Snail shell creates blue iridescence with mineral

Mollusk uses calcium compound to shine, possibly as defense


INTO THE BLUE  The bright patterns on a hard-shelled mollusk may mimic those of a shell-free, poisonous snail. 

Andy.Cowley/Wikimedia Commons (CC BY-SA 1.0)

Taking a trick from birds and butterflies, a mollusk shines blue using intricate structures that allow selective reflection of light. But unlike other animals, the blue-rayed limpet, a snail that lives along the rocky shores of the northeastern Atlantic, creates functional iridescence using a hard mineral rather than an organic molecule such as a protein.

The shell of the blue-rayed limpet, Patella pellucida, is largely made of calcium carbonate platelets. Just beneath the shell’s surface, materials scientist Ling Li of Harvard University and his colleagues found two distinct microscopic arrangements of the mineral: a zigzag structure that reflects blue light and a layer of spherical particles that absorbs the rest of the light, rendering the blue brilliant.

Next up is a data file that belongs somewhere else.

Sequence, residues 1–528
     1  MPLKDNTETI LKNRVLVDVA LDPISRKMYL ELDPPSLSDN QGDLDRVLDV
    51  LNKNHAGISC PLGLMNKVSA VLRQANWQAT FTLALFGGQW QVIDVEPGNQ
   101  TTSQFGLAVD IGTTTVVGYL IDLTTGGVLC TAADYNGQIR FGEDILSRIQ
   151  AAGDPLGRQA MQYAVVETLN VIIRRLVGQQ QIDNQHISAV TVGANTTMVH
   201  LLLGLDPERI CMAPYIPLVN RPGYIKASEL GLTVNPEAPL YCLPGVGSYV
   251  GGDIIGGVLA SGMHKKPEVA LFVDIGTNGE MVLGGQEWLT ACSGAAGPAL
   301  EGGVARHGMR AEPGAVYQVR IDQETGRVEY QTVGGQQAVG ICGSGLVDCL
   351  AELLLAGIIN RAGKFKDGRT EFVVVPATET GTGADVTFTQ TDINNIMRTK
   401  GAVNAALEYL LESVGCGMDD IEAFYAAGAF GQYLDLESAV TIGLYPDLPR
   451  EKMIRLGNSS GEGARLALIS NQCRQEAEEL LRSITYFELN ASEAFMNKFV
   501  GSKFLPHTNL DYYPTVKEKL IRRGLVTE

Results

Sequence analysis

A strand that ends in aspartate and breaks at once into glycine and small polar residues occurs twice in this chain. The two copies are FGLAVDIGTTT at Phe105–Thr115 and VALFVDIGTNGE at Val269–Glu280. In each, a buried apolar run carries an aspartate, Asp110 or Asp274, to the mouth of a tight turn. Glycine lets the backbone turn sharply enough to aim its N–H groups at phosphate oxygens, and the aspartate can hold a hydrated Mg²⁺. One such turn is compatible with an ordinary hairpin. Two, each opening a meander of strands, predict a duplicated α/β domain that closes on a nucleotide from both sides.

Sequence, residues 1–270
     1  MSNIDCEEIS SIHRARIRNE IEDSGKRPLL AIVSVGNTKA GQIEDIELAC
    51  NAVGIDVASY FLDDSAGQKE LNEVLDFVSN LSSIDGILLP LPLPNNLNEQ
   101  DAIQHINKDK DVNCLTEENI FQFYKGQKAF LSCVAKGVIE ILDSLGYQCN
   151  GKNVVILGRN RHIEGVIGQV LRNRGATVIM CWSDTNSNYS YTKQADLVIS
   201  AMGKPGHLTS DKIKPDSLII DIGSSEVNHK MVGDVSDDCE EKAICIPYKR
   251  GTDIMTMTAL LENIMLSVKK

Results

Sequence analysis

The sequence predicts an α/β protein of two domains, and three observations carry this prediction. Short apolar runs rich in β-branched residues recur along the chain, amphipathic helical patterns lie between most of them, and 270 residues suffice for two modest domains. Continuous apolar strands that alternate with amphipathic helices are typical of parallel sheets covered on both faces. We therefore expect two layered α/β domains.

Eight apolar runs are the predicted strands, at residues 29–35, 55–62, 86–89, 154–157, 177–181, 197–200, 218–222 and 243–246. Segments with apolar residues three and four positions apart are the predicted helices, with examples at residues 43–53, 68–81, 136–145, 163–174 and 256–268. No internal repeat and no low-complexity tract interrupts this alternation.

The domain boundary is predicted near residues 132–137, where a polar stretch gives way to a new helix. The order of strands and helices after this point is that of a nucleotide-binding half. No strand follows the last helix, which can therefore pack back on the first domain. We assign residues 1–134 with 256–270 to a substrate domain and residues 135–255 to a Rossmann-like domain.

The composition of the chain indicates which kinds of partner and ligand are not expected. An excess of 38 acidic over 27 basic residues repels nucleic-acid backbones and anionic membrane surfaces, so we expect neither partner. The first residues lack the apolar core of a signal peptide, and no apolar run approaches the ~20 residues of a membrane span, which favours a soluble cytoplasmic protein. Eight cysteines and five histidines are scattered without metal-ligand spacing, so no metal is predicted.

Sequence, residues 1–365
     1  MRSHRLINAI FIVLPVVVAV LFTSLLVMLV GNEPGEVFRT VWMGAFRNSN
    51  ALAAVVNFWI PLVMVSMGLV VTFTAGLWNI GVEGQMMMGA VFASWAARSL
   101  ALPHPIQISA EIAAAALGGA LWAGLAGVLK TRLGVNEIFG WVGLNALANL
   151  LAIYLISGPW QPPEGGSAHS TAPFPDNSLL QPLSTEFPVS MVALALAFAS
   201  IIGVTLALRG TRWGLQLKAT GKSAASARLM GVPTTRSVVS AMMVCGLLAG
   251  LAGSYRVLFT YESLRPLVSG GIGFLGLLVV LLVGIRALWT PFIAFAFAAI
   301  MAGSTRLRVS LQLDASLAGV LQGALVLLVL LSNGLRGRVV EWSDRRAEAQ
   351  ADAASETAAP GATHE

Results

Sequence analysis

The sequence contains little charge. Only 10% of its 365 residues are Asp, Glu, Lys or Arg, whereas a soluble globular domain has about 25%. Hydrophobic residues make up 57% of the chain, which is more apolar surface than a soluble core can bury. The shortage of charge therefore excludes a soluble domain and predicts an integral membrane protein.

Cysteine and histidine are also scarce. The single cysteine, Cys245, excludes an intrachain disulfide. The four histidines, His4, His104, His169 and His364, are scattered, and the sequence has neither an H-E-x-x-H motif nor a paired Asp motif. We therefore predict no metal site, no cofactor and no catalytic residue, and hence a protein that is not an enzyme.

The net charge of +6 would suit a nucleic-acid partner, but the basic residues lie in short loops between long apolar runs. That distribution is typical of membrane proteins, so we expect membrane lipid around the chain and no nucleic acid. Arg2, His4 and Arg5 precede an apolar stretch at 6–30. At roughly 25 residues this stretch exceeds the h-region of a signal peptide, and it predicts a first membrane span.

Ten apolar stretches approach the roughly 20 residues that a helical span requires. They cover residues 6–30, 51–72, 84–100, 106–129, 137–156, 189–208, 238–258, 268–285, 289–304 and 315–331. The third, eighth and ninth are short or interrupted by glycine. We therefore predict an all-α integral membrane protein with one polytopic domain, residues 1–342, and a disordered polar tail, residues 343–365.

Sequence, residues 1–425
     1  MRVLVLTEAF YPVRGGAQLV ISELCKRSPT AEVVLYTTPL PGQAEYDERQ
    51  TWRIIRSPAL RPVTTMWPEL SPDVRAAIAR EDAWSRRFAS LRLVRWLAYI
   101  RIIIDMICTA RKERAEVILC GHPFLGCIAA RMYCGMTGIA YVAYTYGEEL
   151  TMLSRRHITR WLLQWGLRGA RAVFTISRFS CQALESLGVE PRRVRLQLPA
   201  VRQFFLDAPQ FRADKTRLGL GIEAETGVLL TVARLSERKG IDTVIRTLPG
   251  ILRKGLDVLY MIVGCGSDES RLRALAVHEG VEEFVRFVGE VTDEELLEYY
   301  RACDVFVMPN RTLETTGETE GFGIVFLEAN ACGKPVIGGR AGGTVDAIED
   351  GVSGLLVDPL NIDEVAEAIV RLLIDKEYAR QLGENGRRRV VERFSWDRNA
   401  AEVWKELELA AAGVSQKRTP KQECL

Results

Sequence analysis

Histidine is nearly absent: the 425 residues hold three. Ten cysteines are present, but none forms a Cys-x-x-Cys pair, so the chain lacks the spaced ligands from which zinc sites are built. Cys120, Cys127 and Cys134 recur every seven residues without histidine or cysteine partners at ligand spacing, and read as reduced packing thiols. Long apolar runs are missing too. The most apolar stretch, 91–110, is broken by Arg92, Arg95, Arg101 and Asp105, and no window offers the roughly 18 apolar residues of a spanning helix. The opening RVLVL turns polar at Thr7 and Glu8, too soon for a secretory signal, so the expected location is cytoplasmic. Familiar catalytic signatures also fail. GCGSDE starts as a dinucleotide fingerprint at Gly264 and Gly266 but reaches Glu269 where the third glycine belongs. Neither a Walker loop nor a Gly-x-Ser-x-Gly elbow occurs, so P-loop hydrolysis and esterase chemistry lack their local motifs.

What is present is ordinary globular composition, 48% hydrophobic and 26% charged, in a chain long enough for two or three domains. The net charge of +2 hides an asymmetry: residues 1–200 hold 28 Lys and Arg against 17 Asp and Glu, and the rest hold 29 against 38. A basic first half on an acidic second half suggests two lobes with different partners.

The striking pattern, which makes the limpet resemble iridescent, shell-less snails that live nearby and are poisonous, is a defense, the researchers speculate February 26 in Nature Communications

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